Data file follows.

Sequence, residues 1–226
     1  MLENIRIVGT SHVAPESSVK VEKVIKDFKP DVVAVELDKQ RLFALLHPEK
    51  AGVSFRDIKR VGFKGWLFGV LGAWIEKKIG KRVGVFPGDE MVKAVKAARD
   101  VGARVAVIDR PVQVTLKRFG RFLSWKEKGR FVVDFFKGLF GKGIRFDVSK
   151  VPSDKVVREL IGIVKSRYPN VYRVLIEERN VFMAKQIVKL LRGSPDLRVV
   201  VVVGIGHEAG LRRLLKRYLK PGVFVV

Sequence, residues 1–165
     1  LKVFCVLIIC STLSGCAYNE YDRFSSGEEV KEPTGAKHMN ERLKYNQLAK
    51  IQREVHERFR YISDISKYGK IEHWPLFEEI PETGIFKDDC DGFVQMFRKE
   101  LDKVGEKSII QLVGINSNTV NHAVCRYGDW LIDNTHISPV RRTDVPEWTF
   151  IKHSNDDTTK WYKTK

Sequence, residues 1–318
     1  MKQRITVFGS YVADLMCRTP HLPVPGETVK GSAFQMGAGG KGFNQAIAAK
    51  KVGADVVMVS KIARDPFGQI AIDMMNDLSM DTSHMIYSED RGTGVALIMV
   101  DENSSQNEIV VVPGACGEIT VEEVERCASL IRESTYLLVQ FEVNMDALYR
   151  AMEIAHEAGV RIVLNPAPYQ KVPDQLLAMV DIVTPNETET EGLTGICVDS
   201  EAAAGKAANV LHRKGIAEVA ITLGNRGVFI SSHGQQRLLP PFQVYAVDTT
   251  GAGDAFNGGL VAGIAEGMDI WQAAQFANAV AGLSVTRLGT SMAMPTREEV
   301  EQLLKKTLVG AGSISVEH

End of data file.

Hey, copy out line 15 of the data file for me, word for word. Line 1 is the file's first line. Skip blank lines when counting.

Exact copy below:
   101  DENSSQNEIV VVPGACGEIT VEEVERCASL IRESTYLLVQ FEVNMDALYR